We watched in the Parade in awe of the celebrities who don't seem to be aging. Another one was Gloria Gaynor - she looked just the same. The Parade just seems like a three hour commercial for NBC which seems a bit sad.

Mickle in NZ said...

What a lovely day you've had, I do like the sound of it. A walk on an empty beach must have been great.

Here, downunder, I'm gathering my strength for Xmas. I love cooking and, as usual, will take over my parent's kitchen - if only the temperature was a little cooler on the day!

Sending kind thoughts to you all, Michelle and Zebbycat

Potty Mummy said...

Sounds like a perfect day - with (courtesy of your friends) no real tidying up to be done at the end of, no wrapping paper to dispose of, and no new toys to be squeezed into the cupboards. I may buy into this Thansgiving lark, after all...

Vinogirl said...

Successful driving tests and Skype...a great alternative list of things to be thankful for :)

Mud in the City said...

Happy Thanksgiving!

Being a bit more thankful is something we could all do a little bit more of.

xx

nappy valley girl said...

Nicola - I was incredibly nervous and really thought I might fail. But go no point deductions - unlike the Doctor who got points deducted for being too hesistant at a Stop sign!

Fourdownmumtogo - at least having your evening ruined means no 6am wakeups....

ExpatMum - sounds delicious. Glad to hear Delia is still alive and well in deepest Chicago...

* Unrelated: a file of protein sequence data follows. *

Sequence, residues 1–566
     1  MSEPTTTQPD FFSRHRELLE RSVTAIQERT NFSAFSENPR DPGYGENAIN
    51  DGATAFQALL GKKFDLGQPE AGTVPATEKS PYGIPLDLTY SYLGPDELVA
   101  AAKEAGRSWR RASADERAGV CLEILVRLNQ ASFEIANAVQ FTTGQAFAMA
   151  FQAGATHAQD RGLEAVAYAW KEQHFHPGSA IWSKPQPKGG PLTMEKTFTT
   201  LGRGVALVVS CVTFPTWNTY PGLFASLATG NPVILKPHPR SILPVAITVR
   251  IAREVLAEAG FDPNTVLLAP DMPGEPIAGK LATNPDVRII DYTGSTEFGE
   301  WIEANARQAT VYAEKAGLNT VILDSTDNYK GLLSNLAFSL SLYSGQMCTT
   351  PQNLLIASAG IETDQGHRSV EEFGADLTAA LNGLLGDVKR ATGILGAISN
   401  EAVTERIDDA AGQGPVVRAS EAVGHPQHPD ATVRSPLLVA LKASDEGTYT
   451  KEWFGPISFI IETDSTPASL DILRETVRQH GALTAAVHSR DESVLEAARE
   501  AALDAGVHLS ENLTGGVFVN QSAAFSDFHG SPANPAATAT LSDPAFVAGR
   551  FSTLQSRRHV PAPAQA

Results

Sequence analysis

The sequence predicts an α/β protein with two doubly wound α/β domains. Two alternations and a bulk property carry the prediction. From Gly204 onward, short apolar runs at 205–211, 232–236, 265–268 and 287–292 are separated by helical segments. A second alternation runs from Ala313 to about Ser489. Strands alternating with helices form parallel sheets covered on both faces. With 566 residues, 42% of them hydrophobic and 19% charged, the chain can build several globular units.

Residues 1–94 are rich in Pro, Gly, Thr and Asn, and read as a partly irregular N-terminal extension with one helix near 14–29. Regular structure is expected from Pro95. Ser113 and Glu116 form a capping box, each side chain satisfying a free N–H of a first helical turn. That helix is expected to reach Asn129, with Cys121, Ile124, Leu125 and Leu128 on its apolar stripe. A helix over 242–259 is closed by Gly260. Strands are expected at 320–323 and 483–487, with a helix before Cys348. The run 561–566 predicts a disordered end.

Lorna - I didn't really see enough of the parade to get that sense, but there did seem to be an ad break every 2 minutes!

Mickle - Christmas on the beach..yes must be strange but then again I suppose you don't have to put up with miserable grey Januaries...

PM - lack of wrapping paper is definitely a bonus. Only problem I found was the lack of Boxing Day to recover....

Vinogirl - not facing the prospect of a driving test is really rather wonderful. I'd better not move abroad again....

Mud - absolutely, and I think it's a nice American tradition; long may it continue.

Thames said...

So glad you had a nice holiday. It is really one of my favourites -- Seeped in family, and like Christmas, but without all the hassle of presents. And lots to eat.

Brit in Bosnia / Fraught Mummy said...

Sounds like you had a great time. And go Little Boys on the 8am start. Anytime they want to give mine some top tips on that front they are more than welcome. Ours stayed up until almost midnight on Friday night (oh Bosnian mother I am becoming) and they were still up before 7am. Sigh.

Iota said...

I think Thanksgiving is a great annual celebration. Not for the historical event (because that all went a bit wrong, not long afterwards, didn't it?), but because it's very good to be made to stop and think of all the things in our lives that we should be grateful for. That we ARE grateful for.

I still haven't worked out why the turkey has become the symbol of Thanksgiving. Seems to me that the turkeys were the big losers in the whole event.

nappy valley girl said...

Thames - I approve of it thoroughly!

Brit in Bosnia - I'm not sure what the answer is; they seem to have got into the habit of staying up late, and that makes them sleep late. I think if it's a one-off, they don't automatically adjust though.

Iota - yes, turkeys would seem to be losing out. And what's all this with the president pardoning a turkey? What did it do wrong?....